Mr. Frankel married, November 6, 1904, at

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Beacon, New York, Rachel A. Cohn, daughter of Samuel Cohn, a Saugerties merchant for many years, and of Ana (Brink) Cohn, both deceased.


One of Kingston's most eminent citizens and leading business men was the late John Forsyth, who died in Kingston on June 10, 1912. Mr. Forsyth was a member of a prominent firm of Forsyth and Davis for twenty-five years, and was a factor in the commercial life of the city. ?coming of a line of distinguished ancestors on both sides, Mr. Forsyth, through his father, was a descendant of one of the most important families of Scotland, while his maternal ancestors were among the earliest inhabitants of New York, where they took a constructive part in the opening up of the new country. One of the famous members of this family, his maternal great-grandfather, colonel Jacobus Severn Bruyn, of Kingston, personally equipped and commanded a regiment of soldiers in the Revolutionary War, receiving great commendation fro his valor and assistance in this great struggle. The ancestral home at Fair and Pearl Streets is filled with family heirlooms of early colonial days and relics of the Revolutionary War, in which the members of this family played so brave a part.

Mr. Forsyth was born in Kingston, June 22, 1850, son of James C. and Mary (Bruyn) Forsyth. James C. Forsyth was the son of John and Jane (Currie) Forsyth. Mary (Bruyn) Forsyth was the daughter of Severn Bruyn and Catherine Hashbrouck.

John Forsyth received his education in Kingston Academy, precious to that having been taught principally by private tutors, his schooling being limited because of a defect in his hearing. He later entered business, in which he was highly successful, and steadily advanced until he became a leading figure in the commercial and financial life of the community. He was a director of the State of New York National Bank, and in the social affairs of the city took an active part, being a member of the Kingston Club and the Twaalfskill Gold club. In politics, he followed the principles of the Republican Party, and in his religious affiliations he was a member of the Dutch Reformed Church.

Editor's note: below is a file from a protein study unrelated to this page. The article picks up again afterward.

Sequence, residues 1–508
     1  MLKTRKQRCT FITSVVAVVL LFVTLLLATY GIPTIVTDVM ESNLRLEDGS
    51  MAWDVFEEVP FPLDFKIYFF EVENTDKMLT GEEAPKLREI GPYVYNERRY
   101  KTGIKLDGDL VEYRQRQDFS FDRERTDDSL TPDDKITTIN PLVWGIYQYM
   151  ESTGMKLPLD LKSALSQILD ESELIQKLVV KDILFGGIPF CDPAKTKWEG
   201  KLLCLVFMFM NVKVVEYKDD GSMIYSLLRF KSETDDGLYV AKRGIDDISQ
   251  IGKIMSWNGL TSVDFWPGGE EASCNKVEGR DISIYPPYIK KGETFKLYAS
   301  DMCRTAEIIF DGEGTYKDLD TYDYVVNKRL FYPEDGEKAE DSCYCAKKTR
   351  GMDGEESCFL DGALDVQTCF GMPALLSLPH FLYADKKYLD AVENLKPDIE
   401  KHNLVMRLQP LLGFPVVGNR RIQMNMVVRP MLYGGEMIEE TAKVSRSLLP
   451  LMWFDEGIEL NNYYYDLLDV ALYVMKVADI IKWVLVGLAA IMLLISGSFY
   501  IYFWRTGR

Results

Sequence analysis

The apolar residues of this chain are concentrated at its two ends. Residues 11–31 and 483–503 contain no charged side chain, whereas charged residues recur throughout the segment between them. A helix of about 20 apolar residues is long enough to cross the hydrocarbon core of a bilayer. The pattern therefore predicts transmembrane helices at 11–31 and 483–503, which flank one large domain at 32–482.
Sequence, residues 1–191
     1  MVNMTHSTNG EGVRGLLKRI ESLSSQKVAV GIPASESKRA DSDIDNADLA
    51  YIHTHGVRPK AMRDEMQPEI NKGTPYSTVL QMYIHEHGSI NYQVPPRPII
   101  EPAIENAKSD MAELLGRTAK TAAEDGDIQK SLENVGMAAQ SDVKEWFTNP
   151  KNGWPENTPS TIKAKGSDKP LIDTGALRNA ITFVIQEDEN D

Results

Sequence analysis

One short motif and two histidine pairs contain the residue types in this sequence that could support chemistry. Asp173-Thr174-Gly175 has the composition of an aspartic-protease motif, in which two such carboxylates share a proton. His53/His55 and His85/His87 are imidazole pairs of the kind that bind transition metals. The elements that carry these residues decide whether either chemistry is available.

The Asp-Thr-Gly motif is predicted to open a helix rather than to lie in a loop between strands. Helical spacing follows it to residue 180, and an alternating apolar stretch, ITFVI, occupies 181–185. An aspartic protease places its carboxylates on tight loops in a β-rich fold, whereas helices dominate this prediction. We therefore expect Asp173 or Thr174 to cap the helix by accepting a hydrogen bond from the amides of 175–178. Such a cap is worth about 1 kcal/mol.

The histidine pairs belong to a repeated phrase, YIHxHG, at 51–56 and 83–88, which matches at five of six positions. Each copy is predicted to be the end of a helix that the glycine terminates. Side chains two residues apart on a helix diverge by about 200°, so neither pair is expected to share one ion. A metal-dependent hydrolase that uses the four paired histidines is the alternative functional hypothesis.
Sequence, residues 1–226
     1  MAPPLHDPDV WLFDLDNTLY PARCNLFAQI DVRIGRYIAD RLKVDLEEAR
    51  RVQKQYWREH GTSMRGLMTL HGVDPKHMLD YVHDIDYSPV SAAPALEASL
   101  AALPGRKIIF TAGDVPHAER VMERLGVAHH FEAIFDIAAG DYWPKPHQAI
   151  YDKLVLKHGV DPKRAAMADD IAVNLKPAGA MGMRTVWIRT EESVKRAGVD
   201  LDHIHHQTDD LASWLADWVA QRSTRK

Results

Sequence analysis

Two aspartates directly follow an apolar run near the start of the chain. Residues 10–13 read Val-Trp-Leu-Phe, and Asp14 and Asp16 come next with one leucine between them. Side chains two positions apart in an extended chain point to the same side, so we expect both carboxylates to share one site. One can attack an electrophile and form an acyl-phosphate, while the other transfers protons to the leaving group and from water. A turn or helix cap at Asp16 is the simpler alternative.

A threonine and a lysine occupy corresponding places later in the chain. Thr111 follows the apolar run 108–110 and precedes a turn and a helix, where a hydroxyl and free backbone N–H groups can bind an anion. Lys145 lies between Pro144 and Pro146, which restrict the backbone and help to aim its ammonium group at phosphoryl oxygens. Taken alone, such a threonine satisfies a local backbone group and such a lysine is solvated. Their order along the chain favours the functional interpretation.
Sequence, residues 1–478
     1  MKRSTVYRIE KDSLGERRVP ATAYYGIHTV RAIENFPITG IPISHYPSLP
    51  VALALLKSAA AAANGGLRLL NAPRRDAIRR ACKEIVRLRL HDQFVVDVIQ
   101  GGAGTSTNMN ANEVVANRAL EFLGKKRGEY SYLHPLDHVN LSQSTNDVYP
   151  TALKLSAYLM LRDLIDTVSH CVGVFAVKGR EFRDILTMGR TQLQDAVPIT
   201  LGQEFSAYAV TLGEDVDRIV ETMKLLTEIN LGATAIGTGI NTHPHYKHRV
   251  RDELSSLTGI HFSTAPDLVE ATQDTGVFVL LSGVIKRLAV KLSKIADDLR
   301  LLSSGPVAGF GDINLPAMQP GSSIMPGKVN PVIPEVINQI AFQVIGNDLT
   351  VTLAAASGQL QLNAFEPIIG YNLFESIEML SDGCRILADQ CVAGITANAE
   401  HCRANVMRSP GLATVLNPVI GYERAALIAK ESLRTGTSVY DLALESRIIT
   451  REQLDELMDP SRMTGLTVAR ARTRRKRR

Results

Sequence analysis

John Forsyth married, at Bridgeport, Connecticut, June 8, 1881, Mary L. Tomlinson, daughter of Stephen Tomlinson, who was of English descent, a prominent manufacturer and business man of Bridgeport, and of May (Falconer) Tomlinson, who was the daughter of William and Sophronia (Linsly) Falconer, the Falconer family is of French Huguenot descent, their original ancestor, Pierrre Fauconnier, coming to the Untied States and settling at Hyde Park, which he named.

Mr. Forsyth's sister, Mary Isabella Forsyth, founded the Kingston Chapter of the Daughter of the American Revolution and was later vice-president general and also State regent in this society. She was also a member of the Colonial Dames. Miss Forsyth died in 1914. In 1875 she established the Kingston Industrial Home for Children and lived to witness the fruition of her early ambitions in providing a shelter for children.


It has been said that "Biography is the most authentic history," and to record the lives of men who have passed on, yet who, while they lived, performed deeds worthy of emulation, is history of the greatest value, and most fittingly should be preserved in a work of this nature. Such a record is that of the late Milton Noble Eldridge who, during the forty-five short years of his life, closely allied himself with the industrial, financial and political affairs of Warren County, New York, and also took an active in everything pertaining to the welfare and advancement of that section, never failing to give his earnest support to furthering every worthy cause.